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Adventures in Engineering
The wanderings of a modern ronin.

Ben Cantrick
  Date: 2008-04-08 11:17
  Subject:   Video game publishers are the new record companies.
  Music:Public Enemy - Welcome To The Terrordrome
  Tags:  reddit

Hey, I've got a really awesome deal I'd like to offer to anybody who'll take it: If you will give me $20, I will happily pay you $12 in return. Sound like a great deal? No? It occurred to me this weekend that it's the kind of deal most independent video game developers keep making with publishers, again and again.

Part of this was brought about by a post Scorpia made this weekend about a number of studios closing up shop. I've begun taking a little bit more of an interest in investing lately, and I realized that based on very fundamental criteria, I'd never invest in a traditional independent game development studio. Because - the way royalties and advances are being handled nowadays, from the development studio's perspective at least - they are spending more to make a game than it has a reasonable chance of breaking even on. So they may spend $8 million on a game that will likely only make them $5 million.

But that's all to recoup the publisher's advance - which the publisher treats as "funding" the game with a zillion strings attached all the way up until the point where the game begins to sell. At that point it reverts to its legal status as an "advance towards royalties" at the developers pathetic royalty rate. Meanwhile, that $5 million really becomes $0, because it's an advance on royalties and - as it turns out - was the developer's money the whole time. And the publisher - who is raking in much more money on the game, is making a modest profit. Except in the rare instances where the game far outperforms expectations, in which case the publisher makes enough money to cover a ton of losses (which they also take, admittedly - particularly when they cancel contracts), and the developer actually sees back-end royalties for a change.


Sounds exactly like The Problem With Music.

And the solution is the same, too. Cut out the middle-man. Cut 'em out like cancer. Sell your product on the interwebs, directly to your customers. Valve is already doing it. The Penny Arcade guys are also doing it.
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Ben Cantrick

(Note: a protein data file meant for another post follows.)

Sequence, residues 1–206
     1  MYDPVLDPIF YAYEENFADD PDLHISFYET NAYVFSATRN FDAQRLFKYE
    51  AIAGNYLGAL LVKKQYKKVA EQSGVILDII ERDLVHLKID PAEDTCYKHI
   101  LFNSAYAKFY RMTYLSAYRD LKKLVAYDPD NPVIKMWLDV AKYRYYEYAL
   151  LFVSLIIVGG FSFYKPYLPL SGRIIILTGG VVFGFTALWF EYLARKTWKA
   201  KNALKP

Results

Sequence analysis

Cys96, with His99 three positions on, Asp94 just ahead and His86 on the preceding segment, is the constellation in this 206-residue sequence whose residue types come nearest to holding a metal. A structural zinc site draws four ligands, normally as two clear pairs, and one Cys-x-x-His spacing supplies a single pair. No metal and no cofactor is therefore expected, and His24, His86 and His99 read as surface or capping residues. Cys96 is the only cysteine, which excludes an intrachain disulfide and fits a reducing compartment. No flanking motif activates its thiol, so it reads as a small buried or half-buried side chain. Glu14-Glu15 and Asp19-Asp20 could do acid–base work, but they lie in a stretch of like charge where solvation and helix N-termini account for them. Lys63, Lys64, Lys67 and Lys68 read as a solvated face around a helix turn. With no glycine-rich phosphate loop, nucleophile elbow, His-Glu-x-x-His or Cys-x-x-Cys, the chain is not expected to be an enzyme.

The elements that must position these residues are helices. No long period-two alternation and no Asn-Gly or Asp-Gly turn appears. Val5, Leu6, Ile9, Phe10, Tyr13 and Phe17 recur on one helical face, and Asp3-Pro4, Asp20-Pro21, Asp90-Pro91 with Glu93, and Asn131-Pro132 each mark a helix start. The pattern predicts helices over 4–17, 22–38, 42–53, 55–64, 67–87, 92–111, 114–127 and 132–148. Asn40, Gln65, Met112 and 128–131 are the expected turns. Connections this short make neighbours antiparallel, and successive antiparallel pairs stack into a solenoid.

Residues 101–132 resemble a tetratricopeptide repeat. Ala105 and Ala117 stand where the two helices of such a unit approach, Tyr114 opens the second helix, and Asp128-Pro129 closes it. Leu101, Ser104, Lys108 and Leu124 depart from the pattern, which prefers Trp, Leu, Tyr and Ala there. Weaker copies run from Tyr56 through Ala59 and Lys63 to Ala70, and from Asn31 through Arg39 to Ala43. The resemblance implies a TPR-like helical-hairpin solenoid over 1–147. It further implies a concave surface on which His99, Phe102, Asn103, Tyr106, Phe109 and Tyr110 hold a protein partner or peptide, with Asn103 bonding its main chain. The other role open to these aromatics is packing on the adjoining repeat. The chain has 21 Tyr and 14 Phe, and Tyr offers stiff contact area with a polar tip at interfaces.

Date: 2008-04-08 11:37
  Subject:   Who Won Iraq's "Decisive" Battle?
  Music:Rage Against The Machine - Vietnow
  Tags:  iraq, politics, reddit

What happened in Iraq this week was a beautiful lesson in the weird laws of guerrilla warfare. Unfortunately, it was the Americans who got schooled. Even now, people at my office are saying, "We won, right? Sadr told his men to give up, right?" Wrong. Sadr won big. Iran won even bigger. Maliki, Petraeus and Cheney lost.

If you want to know how NOT to think about Iraq, just start with anything ever said or imagined by Cheney or Bush. Our Commander in Chief declared a week ago, when the Iraqi Army first marched into Basra, "I would say this is a defining moment in the history of a free Iraq." But when the Iraqi Army fled a few days later, he suddenly got very quiet. But anybody could see how deluded the poor fucker is just by all the nonsense he managed to cram into that 15-word sentence. I mean, "the history of a free Iraq"? That’s like that Mad Magazine joke about the "World’s Shortest Books." But that’s nothing compared to Bush’s fundamentally wrong notion that there’s even such a thing as a "defining moment" in an urban guerrilla war. Guerrilla wars are slow, crock-pot wars. To win this kind of war, the long war, takes patience. Trying to force a "defining moment" by military action is not just ignorant and idiotic, but risks further demoralizing your side when that moment doesn’t happen, as it inevitably won’t. What happens when you launch premature strikes on a neighborhood-based group like the Mahdi Army is that you just end up convincing their neighborhoods that the occupiers are the enemy, and the Mahdi boys — all local kids you’ve known all your life — are heroes, defending your glorious slum from the foreigners and their lackeys.

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Ben Cantrick
  Date: 2008-04-08 17:44
  Subject:   Yes, the Feds are tracking you by your cell phone.
  Tags:  reddit

The Federal Bureau of Investigation has been routinely monitoring the e-mails, instant messages and cell phone calls of suspects across the United States -- and has done so, in many cases, without the approval of a court.

Documents released under the Freedom of Information Act and given to the Washington Post -- which stuck the story on page three -- show that the FBI's massive dragnet, connected to the backends of telecommunications carriers, "allows authorized FBI agents and analysts, with point-and-click ease, to receive e-mails, instant messages, cellphone calls and other communications that tell them not only what a suspect is saying, but where he is and where he has been, depending on the wording of a court order or a government directive," the Post says.


Who's been telling you so since 2k3?
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May 2015